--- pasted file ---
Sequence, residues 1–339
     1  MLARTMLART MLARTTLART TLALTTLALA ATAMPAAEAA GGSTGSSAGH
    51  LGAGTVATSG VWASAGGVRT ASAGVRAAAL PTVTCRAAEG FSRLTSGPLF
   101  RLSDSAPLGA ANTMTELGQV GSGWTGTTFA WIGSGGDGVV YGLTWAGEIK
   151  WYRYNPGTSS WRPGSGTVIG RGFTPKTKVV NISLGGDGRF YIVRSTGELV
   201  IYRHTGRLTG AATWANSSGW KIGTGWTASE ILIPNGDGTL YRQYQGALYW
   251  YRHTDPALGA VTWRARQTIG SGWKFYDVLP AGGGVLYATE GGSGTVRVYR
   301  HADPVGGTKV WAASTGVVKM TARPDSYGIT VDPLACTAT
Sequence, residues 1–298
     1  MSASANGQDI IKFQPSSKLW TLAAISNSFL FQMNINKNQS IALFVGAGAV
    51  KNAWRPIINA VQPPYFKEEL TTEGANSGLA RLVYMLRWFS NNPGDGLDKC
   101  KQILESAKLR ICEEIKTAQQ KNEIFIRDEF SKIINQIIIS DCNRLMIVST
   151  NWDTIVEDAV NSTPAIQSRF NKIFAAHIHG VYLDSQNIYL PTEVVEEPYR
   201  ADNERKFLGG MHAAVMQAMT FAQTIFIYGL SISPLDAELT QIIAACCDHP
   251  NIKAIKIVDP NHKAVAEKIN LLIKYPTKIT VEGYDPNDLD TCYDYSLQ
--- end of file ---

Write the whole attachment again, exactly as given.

Sequence, residues 1–339
     1  MLARTMLART MLARTTLART TLALTTLALA ATAMPAAEAA GGSTGSSAGH
    51  LGAGTVATSG VWASAGGVRT ASAGVRAAAL PTVTCRAAEG FSRLTSGPLF
   101  RLSDSAPLGA ANTMTELGQV GSGWTGTTFA WIGSGGDGVV YGLTWAGEIK
   151  WYRYNPGTSS WRPGSGTVIG RGFTPKTKVV NISLGGDGRF YIVRSTGELV
   201  IYRHTGRLTG AATWANSSGW KIGTGWTASE ILIPNGDGTL YRQYQGALYW
   251  YRHTDPALGA VTWRARQTIG SGWKFYDVLP AGGGVLYATE GGSGTVRVYR
   301  HADPVGGTKV WAASTGVVKM TARPDSYGIT VDPLACTAT
Sequence, residues 1–298
     1  MSASANGQDI IKFQPSSKLW TLAAISNSFL FQMNINKNQS IALFVGAGAV
    51  KNAWRPIINA VQPPYFKEEL TTEGANSGLA RLVYMLRWFS NNPGDGLDKC
   101  KQILESAKLR ICEEIKTAQQ KNEIFIRDEF SKIINQIIIS DCNRLMIVST
   151  NWDTIVEDAV NSTPAIQSRF NKIFAAHIHG VYLDSQNIYL PTEVVEEPYR
   201  ADNERKFLGG MHAAVMQAMT FAQTIFIYGL SISPLDAELT QIIAACCDHP
   251  NIKAIKIVDP NHKAVAEKIN LLIKYPTKIT VEGYDPNDLD TCYDYSLQ